Design Icons has been curated by two 3D Design students from Herts Regional College as part of Epping Forest District Museum’s Young Curators Programme. Starting in January 2014, Hannah Turner and Albie Saunders worked voluntarily on the exhibition, designing and producing the exhibition from start to finish. The launch night celebrated their hard work and their imaginative creativity.

Original MK1 Raleigh Chopper from Nottingham City Museums and Galleries

Original MK1 Raleigh Chopper from Nottingham City Museums and Galleries

Design Icons is now on display at the Time Machine Gallery until the 7th October. Fun for everyone, the exhibition is packed full of hands-on games and activities. Listen to the top hits of the 1980s, try your hand at playing Mario on an original Gameboy and admire the fashions of the three decades. The exhibition showcases collections from around the East of England and features a 1960s customised Mod Parka from Lowewood Museum and an original MK1 Raleigh Chopper from Nottingham City Museums and Galleries.

For opening times take a look at the Science Alive website – http://www.science-alive.co.uk/

This exhibition is a touring exhibition produced by Epping Forest District Museum and funded by Arts Council England. The museum’s Young Curators programme has been funded by ROH Bridge.

Design Icons: Through the 1960s, 70s and 80s is available to hire, free of charge, to any venue in the East of England. If you are interested in hiring this exhibition or would like to ask a question then please get in touch:
Email – museum@eppingforestdc.gov.uk
Tel – 01992 716 882

Our sister site – Lowewood Museum

Have you heard of Lowewood Museum in Hoddesdon?

In 2012 Epping Forest District Council entered into a five year partnership with Broxbourne Council to run Lowewood Museum in Hoddesdon. Under this partnership, Broxbourne Council continue to own and maintain the Grade II listed building which houses Lowewood Museum, with staff from Epping Forest District Museum managing the site.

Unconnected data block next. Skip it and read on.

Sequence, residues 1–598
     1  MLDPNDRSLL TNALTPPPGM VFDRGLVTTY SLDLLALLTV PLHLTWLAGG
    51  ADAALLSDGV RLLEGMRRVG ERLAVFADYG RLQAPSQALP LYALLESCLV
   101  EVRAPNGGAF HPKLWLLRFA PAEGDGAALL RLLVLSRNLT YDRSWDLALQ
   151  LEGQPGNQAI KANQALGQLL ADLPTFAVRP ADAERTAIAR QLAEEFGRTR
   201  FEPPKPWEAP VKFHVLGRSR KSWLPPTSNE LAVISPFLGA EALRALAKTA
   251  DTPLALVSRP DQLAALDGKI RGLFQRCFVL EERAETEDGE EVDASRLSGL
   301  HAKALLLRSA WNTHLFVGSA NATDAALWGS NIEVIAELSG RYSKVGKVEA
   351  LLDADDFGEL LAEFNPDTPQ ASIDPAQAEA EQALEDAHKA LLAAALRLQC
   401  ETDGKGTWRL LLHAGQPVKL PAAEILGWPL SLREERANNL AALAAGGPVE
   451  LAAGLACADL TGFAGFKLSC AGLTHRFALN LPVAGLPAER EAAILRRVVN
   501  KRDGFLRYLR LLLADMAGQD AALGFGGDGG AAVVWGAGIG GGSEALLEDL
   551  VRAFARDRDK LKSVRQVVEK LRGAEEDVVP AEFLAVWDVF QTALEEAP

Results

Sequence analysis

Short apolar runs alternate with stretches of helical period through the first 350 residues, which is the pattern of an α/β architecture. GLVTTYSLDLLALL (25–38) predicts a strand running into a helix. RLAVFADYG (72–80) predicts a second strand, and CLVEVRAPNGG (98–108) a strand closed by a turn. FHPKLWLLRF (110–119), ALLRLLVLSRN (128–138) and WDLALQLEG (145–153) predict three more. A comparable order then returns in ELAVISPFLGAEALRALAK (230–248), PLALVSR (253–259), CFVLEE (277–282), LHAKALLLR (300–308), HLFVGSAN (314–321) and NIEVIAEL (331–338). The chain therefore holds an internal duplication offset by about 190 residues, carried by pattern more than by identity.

Lowewood Museum and the building in which it lives has a great history. The site where the museum stands today has been occupied since the 1570s, when a property known as The Harvey’s stood there. Most of today’s building dates from the 1750s, and was built by Hugh Hughes, a pharmacist by profession. It is thought that parts of the original property may have been incorporated into the new Georgian building built by Hughes.

In 1835 the house was bought by John Warner, a local Quaker and brass founder, and from then on was owned by the Warner family for over 100 years.
In 1935 Lowewood was sold and bought by Mr Douglas Taylor. A year later, Taylor sold the property to the town council, to be used as a library and museum in memory of his late wife.

Lowewood House c.1950s

The library was transferred to a building in Hoddesdon’s High Street in the 1970s. The museum remains a much loved part of the local community, revealing the history of the Borough of Broxbourne from the earliest inhabitants to the present.

Lowewood Museum runs a fantastic programme of events and activities. Along with great exhibition and education programmes, the Museum hosts a number of special events during the year, as well as family activities, specialist study days, community events and much more.

Lowewood Museum

If you haven’t had a chance to visit the Museum (free entry) you can find out more about it here: http://www.broxbourne.gov.uk/lowewoodmuseum

Lowewood Museum is open Wednesday to Friday 10am – 4pm and Saturday 10am – 5pm.